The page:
Herefordshire Council will decide whether to approve a 4.99% increase in council tax when councillors meet in February.

From Herefordshire Council:

At this stage in the council’s budget setting process, the level of government funding to be made available by MHCLG is not yet known and major changes planned to the Local Government Finance System in 2021/22 have been delayed by MHCLG due to the pandemic. The council has made sensible assumptions based on the information available to us now while taking into account the current impact of Covid-19 being felt against Council Tax and business rates.

Taking into account these assumptions, the council is facing a worst case budget gap of up to ¬£16 million for the next financial year. This will need to be revisited once the government’s settlement is announced in late December, however, we need to plan at this stage for the worst case scenario.

Including spending of £80 million on council maintained schools, the council is budgeting to spend £320 million in 2021/22.

For this level of expenditure, for an average Band D property in Herefordshire, the Council Tax per month in 2021/22 would equate to £137.69 (last year £131.15) and the till receipt at the bottom of the page shows how this is broken down on a monthly basis.

This situation in having to find large scale savings is common across all local authorities and Herefordshire Council has been adept in the past at managing. Through financial planning over the medium term and effective management of its reserves, the council has been able to develop a Transformation and Savings Programme that allows time for sustainable implementation and meaningful consultation, be that either internally with staff or externally.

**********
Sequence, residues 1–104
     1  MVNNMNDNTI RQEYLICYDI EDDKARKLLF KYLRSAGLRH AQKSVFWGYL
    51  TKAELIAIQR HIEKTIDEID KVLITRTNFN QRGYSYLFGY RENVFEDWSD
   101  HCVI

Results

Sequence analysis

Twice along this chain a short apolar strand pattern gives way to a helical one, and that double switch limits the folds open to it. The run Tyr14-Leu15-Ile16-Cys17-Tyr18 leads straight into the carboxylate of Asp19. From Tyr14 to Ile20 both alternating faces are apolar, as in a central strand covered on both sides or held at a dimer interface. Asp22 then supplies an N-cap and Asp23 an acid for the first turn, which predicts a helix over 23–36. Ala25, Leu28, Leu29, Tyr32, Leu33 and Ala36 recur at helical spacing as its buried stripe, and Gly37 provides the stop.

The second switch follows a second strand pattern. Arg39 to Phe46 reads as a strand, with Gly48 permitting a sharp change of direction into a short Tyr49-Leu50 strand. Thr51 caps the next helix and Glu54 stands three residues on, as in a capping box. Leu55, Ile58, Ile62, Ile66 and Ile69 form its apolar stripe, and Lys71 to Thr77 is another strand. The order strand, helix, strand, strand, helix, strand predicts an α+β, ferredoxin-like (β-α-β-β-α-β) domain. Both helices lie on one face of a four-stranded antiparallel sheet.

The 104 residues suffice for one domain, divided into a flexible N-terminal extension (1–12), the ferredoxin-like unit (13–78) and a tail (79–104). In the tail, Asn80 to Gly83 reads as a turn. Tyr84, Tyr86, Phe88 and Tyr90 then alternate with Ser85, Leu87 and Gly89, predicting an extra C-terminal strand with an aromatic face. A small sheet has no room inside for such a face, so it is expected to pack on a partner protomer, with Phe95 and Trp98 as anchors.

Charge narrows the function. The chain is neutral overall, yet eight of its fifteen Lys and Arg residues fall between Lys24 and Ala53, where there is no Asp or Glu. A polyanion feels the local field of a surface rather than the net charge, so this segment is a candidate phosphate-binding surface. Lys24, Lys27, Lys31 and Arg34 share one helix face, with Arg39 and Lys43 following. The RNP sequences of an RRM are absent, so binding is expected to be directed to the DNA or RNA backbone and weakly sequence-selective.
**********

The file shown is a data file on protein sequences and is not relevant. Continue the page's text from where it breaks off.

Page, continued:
COUNCIL TAX & SOCIAL CARE PRECEPT:

In 2016/2017 the government allowed local authorities with social care responsibilities to raise an additional 2% Council Tax ‘precept’ to support vulnerable people. This flexibility was subsequently increased to allow local authorities to increase the precept to 3% per annum.

The government’s Spending Review 2020 on 25 November 2020 confirmed that the core Council Tax limit will remain at 2% and a social care precept of 3% will also be permitted (5% in total). Given this new flexibility from government, the council would be keen to utilise and protect the delivery of valued services.

The increase in Council Tax is subject to approval by Full Council in February 2021, and the feedback we get through this consultation helps local councillors make a final decision.

A rise of 1.99% in 2021/22 would contribute £2.2 million towards local council services, and coupled with a 3% social care precept would contribute a further £ 3.2 million. This would mean an increase of approximately £ 78.53 per year (or equivalent to £6.54 per month) for a band D household.

POTENTIAL SCHEMES TO SUPPORT VULNERABLE RESIDENTS:

There is growing evidence that people are struggling financially as a result of the Covid-19 pandemic. As applications to our Council Tax Reduction Scheme have increased compared to previous years, the council is considering ways to help its most vulnerable residents.

We wanted your views on two ideas. Firstly, whether residents would be willing to pay more Council Tax if the increase helped residents on low incomes.

Secondly, whether residents would support the introduction of a voluntary Community Contribution Scheme. A number of councils across the country have either introduced, or are considering introducing, a voluntary contribution scheme to fund residents’ priorities, for example, supporting local children and young people to create the best start in life.

The council is considering introducing a voluntary scheme to provide additional funding for residents’ priorities, if the decision is taken to progress this, then there will be a further consultation on the detail of how the scheme will be operated.